Replacing Brackets and Corbels
Many houses built these days are plain vanilla compared to the more elaborate styles of the past. It may be the current mood of architecture or the need for homebuyers to pinch pennies, but details like heavy corbels and detailed brackets at roof overhangs have largely fallen by the wayside. Yet they were signature details of some architectural eras gone by. A Victorian house without elaborate spindle brackets along porch eaves would be a half-completed thought - akin to a 1959 Cadillac Eldorado Biarritz without gigantic tail fins.
In the old days, brackets were made from wood, and corbels could be carved from stone, wood, or another material like plaster. Replacing them with exact duplicates can be costly, and unless you are a slave to authenticity you may be better off with a reproduction made from modern materials. Unlike their original wood counterparts, they won't rot. The nooks and crannies that make this architectural trim so distinctive also offer plenty of places for water to collect. Maintain it as you might, wood eventually fails.
The many coats of paint applied over the years can create another disadvantage: Surfaces eventually get bumpy and uneven unless the wood is scraped bare before each paint coat. Newer materials aren't nearly as susceptible to cracking, insect damage, or decay.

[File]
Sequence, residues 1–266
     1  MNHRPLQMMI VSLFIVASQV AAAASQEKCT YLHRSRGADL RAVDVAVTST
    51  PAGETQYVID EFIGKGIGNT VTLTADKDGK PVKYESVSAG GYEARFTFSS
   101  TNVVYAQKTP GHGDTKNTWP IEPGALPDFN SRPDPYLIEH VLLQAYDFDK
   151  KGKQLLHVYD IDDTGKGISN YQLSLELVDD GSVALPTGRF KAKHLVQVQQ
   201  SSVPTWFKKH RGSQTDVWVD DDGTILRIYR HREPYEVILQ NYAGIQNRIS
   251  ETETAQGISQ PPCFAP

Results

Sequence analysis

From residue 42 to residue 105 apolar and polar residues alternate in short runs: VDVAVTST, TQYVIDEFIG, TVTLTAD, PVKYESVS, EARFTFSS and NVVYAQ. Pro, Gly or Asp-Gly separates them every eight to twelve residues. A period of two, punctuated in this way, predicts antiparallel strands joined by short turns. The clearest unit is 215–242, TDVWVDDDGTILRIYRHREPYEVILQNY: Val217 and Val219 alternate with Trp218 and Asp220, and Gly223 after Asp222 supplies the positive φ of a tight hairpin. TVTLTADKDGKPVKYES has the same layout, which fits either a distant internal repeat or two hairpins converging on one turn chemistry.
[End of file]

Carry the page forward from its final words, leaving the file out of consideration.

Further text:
Modern replicas are made from a variety of synthetic materials - molded urethane, plastic resin, fiberglass, and polyvinyl chloride (PVC). They are decorative, not structural, but they mimic the look of much more costly materials and will last longer without the maintenance.
Wood, of course, is still available. But when you compare prices, the synthetics start to look very attractive. At one Web retailer, for instance, a carved wood corbel was just under $50 while a urethane equivalent was $14. Given the extensive catalog offerings, you'll probably be able to match what you already have on your house.
Custom corbels are another option. If nothing in stock appeals to you, consider a custom casting. This isn't cheap, certainly not the best idea if you only want one or two corbels. But if you're replacing several dozen - and you want to match the originals exactly - it's an option worth exploring.
One retailer I spoke with had recently been asked to reproduce exterior corbels originally been made from plaster. The shop made a new mold and produced several dozen corbels - this time in urethane. The customer got an exact replica in a material that is essentially weatherproof, and it's unlikely that anyone looking at the house could tell the difference.
An accomplished woodworker and carpenter, Scott Gibson is the former editor of Fine Woodworking magazine, and a former editor at Today's Homeowner and Fine Homebuilding magazines. He also is former managing editor of the Kennebec Journal, a daily newspaper in Maine.